Bill and Juanita, owners of Allenspark Lodge B&B, are living their dream...

running a successful business and riding as often as possible.

Monday, March 14, 2016

Horse Kids Come Home 3/13/16

B-  Hey Ranger!  How's the old horse today?

R-  Good Beel.  Do you have treats?

B-  Yup.  And while you're eating... here's a halter!

R-  Beel that is not how we do it.  You tricked me.  I'm supposed to run away for some many times.

B-  Nope.  You're caught.  Let's get to the trailer.

R-  Beel.  The rolling shed do not smell like me any more.  It smells like others.

B-  Right again.  Juanita will write a blog about that.  I'll read it to you later.


We were called into action this weekend to transport GunDiva's and Jay’s horses to the Rocky Mt. Horse Expo.  They had entered a couple of the Mustang Days competitions, but their horses saw fit to not want to load into a very small trailer in the dark in the wee hours of the morning.  After 1 ½ hrs. of try, the kids opted to leave the horses home and head for the Expo, where they had volunteered to work the US Wild Horse & Burro booth each day.

 We had planned on being there also, so we said we would go get the horses.  We hitched up our trailer – considerably bigger than theirs – and headed to get the horses.  Of course, the horses had time to think things over, knew our trailer, and gave in.  I walked into the corral with two halters and Skeeter walked right up to me, stuck her head in the halter, then followed me to Copper, who also just stuck his head in.  I left both of them standing there while I checked on the repairs Bill was making to the hitch.  Neither had moved when I got back.  They very smartly stepped into the trailer and we were on our way.

We spent the next three days having a great time at the Expo (a different blog) and decided that when we took the horses back, we would just pick ours up on the way home, being as we were already off the mountain.  We left Denver shortly after noon, dropped Skeeter and Copper off at their home and headed for our winter pasture outside Lyons.

We pulled off Hwy 66 at 3:03 p.m., drove the ½ mile to the pasture and pulled into the field.  We saw Washoe in the middle of the 40-acre field and by the time Bill had turned the rig around and I had closed the fence opening, he had trotted most of the way to us. Bill opened the back of the trailer while I collected halters from the truck.  When I turned around I saw Washoe peeking at me from the open doorway; he was ready to load himself!

Now we had not pre-planned on picking up the horses, so had not taken our halters with us.  There was one extra rope halter in the trailer tack area, and my mecate was at GunDiva's house.  She had also said we could use any halter we found there, so Bill had picked up one.  We figured we could make do since both of my horses load on voice command and neither gets tied in the trailer.

When Washoe met us at the trailer, he got the rope halter so I could lead him back across the field to find the other two horses.  They like to stay around behind the neighbor’s house and socialize with the pig; we also suspect they get treats from people in the house.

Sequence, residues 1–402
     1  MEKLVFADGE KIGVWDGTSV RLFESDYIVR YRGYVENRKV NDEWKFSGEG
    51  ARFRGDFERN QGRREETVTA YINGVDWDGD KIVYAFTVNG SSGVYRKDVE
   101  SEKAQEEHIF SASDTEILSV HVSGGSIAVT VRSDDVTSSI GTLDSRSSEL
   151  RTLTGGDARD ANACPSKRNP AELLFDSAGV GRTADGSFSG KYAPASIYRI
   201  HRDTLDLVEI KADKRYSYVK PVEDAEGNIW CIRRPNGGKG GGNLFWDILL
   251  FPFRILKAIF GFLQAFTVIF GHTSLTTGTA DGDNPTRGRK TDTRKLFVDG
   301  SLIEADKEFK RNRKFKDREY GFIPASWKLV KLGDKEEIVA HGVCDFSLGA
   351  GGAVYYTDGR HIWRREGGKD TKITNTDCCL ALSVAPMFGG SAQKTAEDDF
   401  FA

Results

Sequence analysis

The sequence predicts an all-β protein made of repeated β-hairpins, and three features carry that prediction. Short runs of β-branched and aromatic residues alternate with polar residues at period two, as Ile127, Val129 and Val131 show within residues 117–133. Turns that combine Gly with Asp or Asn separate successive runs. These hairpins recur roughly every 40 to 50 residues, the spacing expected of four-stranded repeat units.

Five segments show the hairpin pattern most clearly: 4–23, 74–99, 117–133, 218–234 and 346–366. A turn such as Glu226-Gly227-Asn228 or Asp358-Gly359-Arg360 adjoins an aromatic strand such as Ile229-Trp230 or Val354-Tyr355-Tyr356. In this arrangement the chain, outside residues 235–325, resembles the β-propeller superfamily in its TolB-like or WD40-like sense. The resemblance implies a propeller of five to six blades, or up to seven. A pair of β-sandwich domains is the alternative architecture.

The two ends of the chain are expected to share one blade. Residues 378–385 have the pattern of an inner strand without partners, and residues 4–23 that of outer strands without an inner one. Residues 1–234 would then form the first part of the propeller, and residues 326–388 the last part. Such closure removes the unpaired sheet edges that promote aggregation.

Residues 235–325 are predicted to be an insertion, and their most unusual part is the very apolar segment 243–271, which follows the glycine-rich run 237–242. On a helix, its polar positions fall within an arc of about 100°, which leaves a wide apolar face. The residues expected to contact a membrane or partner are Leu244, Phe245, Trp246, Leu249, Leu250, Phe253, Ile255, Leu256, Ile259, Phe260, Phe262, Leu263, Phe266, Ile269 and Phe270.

When we had crossed to nearly the last area, Jesse finally noticed us and came wandering over – which is about the best she can do right now (read Weight blog).  I put the mecate bit on her, but she felt insulted so I took it off and just looped the lead rein around her neck.  Ranger finally decided to follow along.  Now, Bill had sort of hidden his halter inside his jacket (cheater) and showed Ranger the treat bag.  When Bill put his arm around his neck for a hug, carrying the lead along too, Ranger was caught.  Fastest time ever!  We walked the three back to the trailer and loaded up.  We were back on Hwy 66 at 3:31 p.m.  Less than ½ hour total.

When we got back to the lodge, I went inside and retrieved Jesse’s halter.  She had loaded and ridden with nothing on.  When we opened the door, she stepped out and stood by me while I put her halter on and she gave me lots of horsey hugs while we waited for the others to unload.  

When they got in their corral, Washoe rolled, Jesse checked out the salt block and Ranger headed for the creek.  Zero excitement.  Now we are getting snowed on so everything is normal.  We ALWAYS get snow when we bring them back – even though it was 64* and sunny when we picked them up!

Bionic Cowgirl


B-  So, Ranger, that's why the trailer smelled like other horses.

R-  Beel on this day it is doing the white falling thing.

B-  Sorry buddy.  We're much higher up here, and we got 4 inches of snow today.

R-  I was more happy with the pigs.


  1. Ha! Glad they are home. I am sure you are too. Love the post!

  2. How fun to have them back up with you. What a sad turn of weather, though. I like the idea of them loading themselves and not being tied. Maybe I should try that!

  3. How great the horses were cooperating! Sorry about the snow.


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